There are some really great concepts to be explored there, what with an all-powerful being being mentally frail and literally terrified of his own power and all, but Marvel had kind of made a mess of the character and has used him as an ill-advised Deus ex machina device. If you need something to beat the unbeatable, just have Sentry get his shit together for long enough to save the day and there you go. Still, he’s the highest-profile example of what I’m talking about here so I thought I’d include him.
From mainstream Marvel to utter obscurity we go. Arch Enemy is a story of grey morality where the protagonist is a sympathetic criminal and society itself along with its heroic defender of law and order is the antagonist.
Tired of being a cog supporting an unconscionably corrupt system and getting less than a living wage to sell his soul, Marvin Kazinsky takes on a life of crime to earn the money to get his mother the life-saving surgery she desperately needs. But, as the posters in the city point out, The Star is always watching. The hero flies in to interrupt the heist and tears Marvin’s partners limb from limb, a feat which earns chuckles from the newscasters who report it.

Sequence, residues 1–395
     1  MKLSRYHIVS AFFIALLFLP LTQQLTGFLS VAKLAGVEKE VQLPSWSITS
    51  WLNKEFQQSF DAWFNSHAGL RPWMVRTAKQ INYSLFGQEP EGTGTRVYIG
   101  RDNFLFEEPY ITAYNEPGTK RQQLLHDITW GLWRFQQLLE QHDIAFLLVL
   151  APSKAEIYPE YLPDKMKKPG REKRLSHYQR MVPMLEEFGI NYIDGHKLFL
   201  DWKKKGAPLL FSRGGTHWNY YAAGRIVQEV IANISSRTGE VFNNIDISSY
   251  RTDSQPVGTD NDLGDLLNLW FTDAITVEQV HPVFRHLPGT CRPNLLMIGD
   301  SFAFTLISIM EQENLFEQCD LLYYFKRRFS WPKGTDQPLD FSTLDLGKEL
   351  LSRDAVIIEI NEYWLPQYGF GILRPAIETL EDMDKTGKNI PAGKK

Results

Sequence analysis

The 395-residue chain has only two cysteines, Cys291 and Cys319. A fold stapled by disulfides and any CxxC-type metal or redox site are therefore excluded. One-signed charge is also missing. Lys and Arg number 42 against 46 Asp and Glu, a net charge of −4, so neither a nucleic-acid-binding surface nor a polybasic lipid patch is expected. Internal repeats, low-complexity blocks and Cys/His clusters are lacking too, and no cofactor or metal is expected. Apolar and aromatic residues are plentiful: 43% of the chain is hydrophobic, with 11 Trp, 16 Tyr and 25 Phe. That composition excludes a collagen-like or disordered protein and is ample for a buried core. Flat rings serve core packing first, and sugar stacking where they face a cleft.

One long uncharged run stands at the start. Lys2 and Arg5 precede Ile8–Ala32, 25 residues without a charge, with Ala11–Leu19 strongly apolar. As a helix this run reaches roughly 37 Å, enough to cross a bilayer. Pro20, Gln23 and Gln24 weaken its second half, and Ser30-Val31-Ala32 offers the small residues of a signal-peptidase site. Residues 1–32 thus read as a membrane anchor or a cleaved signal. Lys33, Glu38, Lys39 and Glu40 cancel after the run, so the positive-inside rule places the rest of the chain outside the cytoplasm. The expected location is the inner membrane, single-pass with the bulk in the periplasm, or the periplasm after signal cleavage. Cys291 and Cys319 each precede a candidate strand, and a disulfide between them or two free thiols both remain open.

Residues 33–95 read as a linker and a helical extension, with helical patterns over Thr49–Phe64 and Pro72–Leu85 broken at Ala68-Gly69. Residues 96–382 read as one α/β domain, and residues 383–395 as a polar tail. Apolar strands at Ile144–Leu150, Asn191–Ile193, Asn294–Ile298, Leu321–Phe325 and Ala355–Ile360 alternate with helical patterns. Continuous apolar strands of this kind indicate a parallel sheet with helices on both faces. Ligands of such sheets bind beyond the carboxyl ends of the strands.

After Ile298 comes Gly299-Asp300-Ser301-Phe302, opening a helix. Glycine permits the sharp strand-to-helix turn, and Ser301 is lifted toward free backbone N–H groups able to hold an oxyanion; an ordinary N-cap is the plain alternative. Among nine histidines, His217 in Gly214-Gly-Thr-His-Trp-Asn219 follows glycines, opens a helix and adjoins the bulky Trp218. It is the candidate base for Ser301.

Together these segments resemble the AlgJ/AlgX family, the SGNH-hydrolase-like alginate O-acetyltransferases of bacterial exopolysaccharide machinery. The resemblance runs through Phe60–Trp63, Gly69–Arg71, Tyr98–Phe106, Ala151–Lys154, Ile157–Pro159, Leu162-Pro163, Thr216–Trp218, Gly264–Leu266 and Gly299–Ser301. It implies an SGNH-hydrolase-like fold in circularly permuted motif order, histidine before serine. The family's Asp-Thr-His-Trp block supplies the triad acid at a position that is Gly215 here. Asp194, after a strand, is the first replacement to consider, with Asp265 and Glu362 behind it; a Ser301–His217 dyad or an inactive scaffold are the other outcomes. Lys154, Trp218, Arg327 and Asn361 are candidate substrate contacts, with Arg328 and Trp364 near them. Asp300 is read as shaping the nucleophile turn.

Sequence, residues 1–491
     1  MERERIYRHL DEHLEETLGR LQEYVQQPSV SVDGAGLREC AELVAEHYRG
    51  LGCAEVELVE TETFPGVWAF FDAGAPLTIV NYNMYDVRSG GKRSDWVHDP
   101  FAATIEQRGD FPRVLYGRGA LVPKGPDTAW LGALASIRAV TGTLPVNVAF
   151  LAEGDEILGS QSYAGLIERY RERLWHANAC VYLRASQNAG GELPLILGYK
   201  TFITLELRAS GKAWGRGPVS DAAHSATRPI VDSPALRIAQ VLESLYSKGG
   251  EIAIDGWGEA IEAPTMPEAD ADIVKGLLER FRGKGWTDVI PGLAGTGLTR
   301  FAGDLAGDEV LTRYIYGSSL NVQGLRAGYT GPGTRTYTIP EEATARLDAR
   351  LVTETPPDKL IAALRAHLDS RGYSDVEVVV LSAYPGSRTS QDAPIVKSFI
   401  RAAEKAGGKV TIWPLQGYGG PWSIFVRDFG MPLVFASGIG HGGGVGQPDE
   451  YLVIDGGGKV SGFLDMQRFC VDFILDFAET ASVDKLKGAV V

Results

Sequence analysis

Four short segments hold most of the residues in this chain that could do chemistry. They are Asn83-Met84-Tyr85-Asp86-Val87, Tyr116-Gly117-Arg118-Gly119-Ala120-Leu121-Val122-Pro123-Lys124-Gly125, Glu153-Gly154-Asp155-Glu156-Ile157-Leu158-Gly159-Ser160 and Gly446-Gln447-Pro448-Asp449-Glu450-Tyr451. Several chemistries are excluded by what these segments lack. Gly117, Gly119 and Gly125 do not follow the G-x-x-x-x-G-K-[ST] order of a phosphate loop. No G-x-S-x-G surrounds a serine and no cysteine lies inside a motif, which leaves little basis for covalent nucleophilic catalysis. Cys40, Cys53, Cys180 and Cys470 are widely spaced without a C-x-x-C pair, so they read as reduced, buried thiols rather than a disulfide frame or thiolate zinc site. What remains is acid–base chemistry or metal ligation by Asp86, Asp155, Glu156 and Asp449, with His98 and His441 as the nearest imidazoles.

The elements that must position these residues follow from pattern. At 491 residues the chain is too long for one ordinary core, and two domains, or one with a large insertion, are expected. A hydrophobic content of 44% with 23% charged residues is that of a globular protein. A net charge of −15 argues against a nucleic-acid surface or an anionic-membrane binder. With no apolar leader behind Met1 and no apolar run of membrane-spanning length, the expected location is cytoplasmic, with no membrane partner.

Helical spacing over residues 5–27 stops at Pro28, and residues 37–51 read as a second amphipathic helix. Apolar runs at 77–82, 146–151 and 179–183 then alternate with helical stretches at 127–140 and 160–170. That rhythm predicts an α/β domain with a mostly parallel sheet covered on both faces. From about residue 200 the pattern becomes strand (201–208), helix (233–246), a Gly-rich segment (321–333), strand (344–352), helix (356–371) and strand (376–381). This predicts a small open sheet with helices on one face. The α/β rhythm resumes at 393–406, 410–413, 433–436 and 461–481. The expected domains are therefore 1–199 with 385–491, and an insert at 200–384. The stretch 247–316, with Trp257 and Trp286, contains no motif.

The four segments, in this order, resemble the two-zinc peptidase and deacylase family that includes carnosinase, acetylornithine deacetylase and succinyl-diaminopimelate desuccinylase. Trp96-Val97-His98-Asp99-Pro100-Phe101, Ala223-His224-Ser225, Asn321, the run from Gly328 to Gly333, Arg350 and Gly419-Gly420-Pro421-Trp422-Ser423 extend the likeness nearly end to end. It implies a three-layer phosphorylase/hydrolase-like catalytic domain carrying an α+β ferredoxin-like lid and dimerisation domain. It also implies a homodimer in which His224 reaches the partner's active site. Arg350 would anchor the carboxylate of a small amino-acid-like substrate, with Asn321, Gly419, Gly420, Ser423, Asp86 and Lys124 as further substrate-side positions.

The interesting thing here is the idea that the brutal ending of a human life is considered heroic so long as that person is believed to be “bad”. The use of a nigh-omnipotent being to enforce the law as judge, jury, and executioner appears to have led to a fascist state where the well-off can simply brush off the murder of criminals as a joke since it adds to their personal feeling of security.